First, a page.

Why we have gone to court over the Midtown project

Portland city hall

Our appeal alleges improper actions and inaction by both the City Council and the city Planning Board in approving the massive, city-sponsored Midtown project.

Keep Portland Livable has gone to Superior Court to overturn the Portland Planning board’s approval of the massive Midtown project, whose four towers and two outsized parking garages would create a wall of buildings between Trader Joes and the parking lot of Whole Foods in the Bayside neighborhood opposite I-295 downtown.

The Portland Planning Board decided to approve the towers and garages in January (2014) despite 12 months of testimony from neighborhood residents, landowners and businesses and others from across the city detailing the ways the project failed to meet the neighborhood’s wishes or the city’s standards.

A month later, members of Keep Portland Livable appealed the Board’s improper approval, hoping to oblige the city, which owns the land, and the developer, The Federated Companies of Miami, Florida, to revise the project to conform to the city’s land use rules. The eight litigants include major landowners and residential owners in the Bayside neighborhood.

Our appeal alleges seven major failings in the city’s approval process, failings which create precisely the kind of development that is known to suppress life on city streets, block views designated to be kept open to and from the city’s actual midtown, and keep the public in doubt about the true impacts of the development until after it is built and the profits have left town.

Any of these counts, if agreed to by the court, could lead to significant required alterations to the Midtown project.

The first count alleges that the Planning Board violated the city’s Zoning Ordinance and design standards, in part by failing to assure that the towers and six and seven-story garages would “preserve the neighborhood building scale,” or that the garages would be hidden by having distinctly different tops.

In granting almost two dozen waivers to the project, the complaint alleges that the Board failed to meet the waiver standards of extraordinary circumstances, undue hardship, or public interest and that the Board exceeded its authority by granting “variances” to the zoning ordinance.

The Planning Board also accepted a plan that was incomplete, one that lacked the required 3-D model showing the proposed buildings next to existing buildings, as well as the required shadow and wind studies. These were all topics, which if addressed as required, would have revealed problems these buildings would create that would limit people’s willingness to walk or linger nearby.

The second count in our appeal charges that the Planning Board approval failed to comply with the city’s Comprehensive Plan in significant ways, for example:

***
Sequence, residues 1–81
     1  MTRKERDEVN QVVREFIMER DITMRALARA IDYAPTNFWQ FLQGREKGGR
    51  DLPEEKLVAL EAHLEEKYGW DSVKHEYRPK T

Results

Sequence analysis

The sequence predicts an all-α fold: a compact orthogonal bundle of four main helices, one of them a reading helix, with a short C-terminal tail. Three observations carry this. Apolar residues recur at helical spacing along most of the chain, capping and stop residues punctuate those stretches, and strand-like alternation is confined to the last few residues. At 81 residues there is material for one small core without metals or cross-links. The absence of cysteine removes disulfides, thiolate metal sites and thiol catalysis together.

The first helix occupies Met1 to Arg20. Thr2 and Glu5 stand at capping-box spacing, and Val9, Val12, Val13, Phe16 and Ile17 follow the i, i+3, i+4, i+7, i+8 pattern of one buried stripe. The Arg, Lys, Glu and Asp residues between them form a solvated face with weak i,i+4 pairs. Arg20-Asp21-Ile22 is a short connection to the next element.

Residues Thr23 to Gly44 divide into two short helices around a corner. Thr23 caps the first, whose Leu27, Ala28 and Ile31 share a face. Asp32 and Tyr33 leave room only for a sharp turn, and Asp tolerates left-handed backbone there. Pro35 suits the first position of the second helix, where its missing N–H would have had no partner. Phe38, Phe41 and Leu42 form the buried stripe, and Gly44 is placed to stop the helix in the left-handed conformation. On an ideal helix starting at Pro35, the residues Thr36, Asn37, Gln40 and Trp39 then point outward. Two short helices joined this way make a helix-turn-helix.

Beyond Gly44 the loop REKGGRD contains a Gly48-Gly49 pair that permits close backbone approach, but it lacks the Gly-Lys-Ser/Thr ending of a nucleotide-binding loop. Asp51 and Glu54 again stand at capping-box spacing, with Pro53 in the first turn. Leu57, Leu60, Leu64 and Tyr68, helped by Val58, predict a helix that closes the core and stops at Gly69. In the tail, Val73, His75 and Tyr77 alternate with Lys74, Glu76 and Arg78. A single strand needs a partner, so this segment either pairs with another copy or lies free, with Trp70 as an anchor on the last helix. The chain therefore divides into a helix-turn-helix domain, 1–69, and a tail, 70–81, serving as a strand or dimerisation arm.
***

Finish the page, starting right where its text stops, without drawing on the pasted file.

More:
• The project fails to extend streets to maintain small city blocks, fails to maintain a scale similar to other peninsula neighborhoods, and lacks green open spaces or “a small town feel.”
  • The Board also failed to require mid-block permeability, which would have allowed views, and access, through the project. Instead 83- and 92-foot tall buildings are placed in the Cedar and Myrtle street corridors that “should be minimally intruded upon.”
  • Meanwhile, where the Bayside Vision foresaw a total of 800 or 900 new units in a range of costs and types, Midtown as approved could create up to 850 identical units at a single price point.

The third count notes that the Planning Board did not have a complete stormwater drainage plan when it approved the project, so much so that serious negotiations about drainage were held with abuttors after the vote, denying the public its right to review or comment.

Counts four and five charge that the City has violated state statutes for failing to develop a plan for dealing with flooding due to sea level rise and storm surges in lower Bayside, where this project is located. The state also requires that development be limited to areas outside natural hazard areas, such as these flood-prone flats.

Count six focuses instead on the City Council and its action last April in raising building heights in an area of Bayside limited to lower heights, without first seeking changes to the Bayside Vision that led to the city’s systematic scheme of heights in that area.

The final count charges that the Planning Board failed to keep records of their hearings in violation of the Maine Freedom of Access Act. The city’s Planning Board has no secretary, keeps no visual or written record of its proceedings.

The audio recordings that normally form the basis for Board records were missing or inadvertently erased for almost half the 14 workshops and hearings on the Midtown project. Even in the existing recordings, board members do not identify themselves, and the votes and names of those voting are not recorded.

Besides making review of Planning Board actions difficult, this lack of records adds to costs of appeals and makes them more difficult to prosecute.

 

 

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